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Why Swimming Pools Turn Green, Brown, or Black After Adding Chlorine Shock

Barack has expertise in pool chemistry and pool maintenance. He writes in-depth articles about how to maintain pools for optimal enjoyment.

Learn why your pool is that unpleasant color and how to fix it.

Learn why your pool is that unpleasant color and how to fix it.

Why Is My Pool Green?

There are a couple of reasons why swimming pool parts and water might change into different colors, including green, brown, black, purple, and yellow. One of the major reasons that all pool owners know is algae breakout and another that very few know is metal staining.

1. Algae Breakout

Algae is always caused by low free chlorine levels and it appears in green, black, or yellow in color on pool walls, on pool floors, in the water, and sometimes on pool equipment, depending on which algae you are dealing with.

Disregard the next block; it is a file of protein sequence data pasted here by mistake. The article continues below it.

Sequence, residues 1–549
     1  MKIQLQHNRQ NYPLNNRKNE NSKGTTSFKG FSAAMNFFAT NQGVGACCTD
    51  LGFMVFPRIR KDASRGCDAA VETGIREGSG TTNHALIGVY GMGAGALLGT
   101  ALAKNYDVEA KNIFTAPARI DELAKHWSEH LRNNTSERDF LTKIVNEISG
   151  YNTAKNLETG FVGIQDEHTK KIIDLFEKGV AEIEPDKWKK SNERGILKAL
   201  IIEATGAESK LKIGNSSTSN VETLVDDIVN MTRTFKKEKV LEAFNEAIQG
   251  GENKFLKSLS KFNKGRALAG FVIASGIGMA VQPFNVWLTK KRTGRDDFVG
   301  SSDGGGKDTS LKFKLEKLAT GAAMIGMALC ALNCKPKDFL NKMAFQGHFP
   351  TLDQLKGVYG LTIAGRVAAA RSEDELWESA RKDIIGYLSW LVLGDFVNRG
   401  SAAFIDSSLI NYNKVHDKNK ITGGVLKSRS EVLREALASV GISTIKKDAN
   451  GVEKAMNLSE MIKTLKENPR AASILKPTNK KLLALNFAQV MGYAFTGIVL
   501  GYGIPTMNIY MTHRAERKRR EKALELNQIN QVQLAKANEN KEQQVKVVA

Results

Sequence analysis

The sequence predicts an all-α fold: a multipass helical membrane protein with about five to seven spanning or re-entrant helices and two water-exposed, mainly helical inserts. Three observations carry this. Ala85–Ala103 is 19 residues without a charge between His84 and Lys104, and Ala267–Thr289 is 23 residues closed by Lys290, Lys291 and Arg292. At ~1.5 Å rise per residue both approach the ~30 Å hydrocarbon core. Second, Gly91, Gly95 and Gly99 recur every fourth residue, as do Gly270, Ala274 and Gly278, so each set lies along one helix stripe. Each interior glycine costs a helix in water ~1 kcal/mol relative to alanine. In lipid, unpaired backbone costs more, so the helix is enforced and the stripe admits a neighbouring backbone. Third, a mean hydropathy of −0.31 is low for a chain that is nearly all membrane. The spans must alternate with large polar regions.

However, if the pool water and parts discolor specifically when you add chlorine or shock it, and the chlorine level is just okay, you are not having an algae problem. It could instead be because of heavy metal presence in your water that is causing metal stains.

Algae Test

You can carry out an Overnight Chlorine Loss Test (OCLT). To do the test, add a normal amount of chlorine to your water and take the reading. This should be done in the evening/night when there is no sunlight that consumes free chlorine.

Take the chlorine reading the following morning. If little chlorine is used up (0–1 ppm), the OCLT result indicates it is not algae or any organism that could have used up a lot of chlorine (above 1 ppm). Thus, it's can only be metal staining as a result of oxidization by chlorine.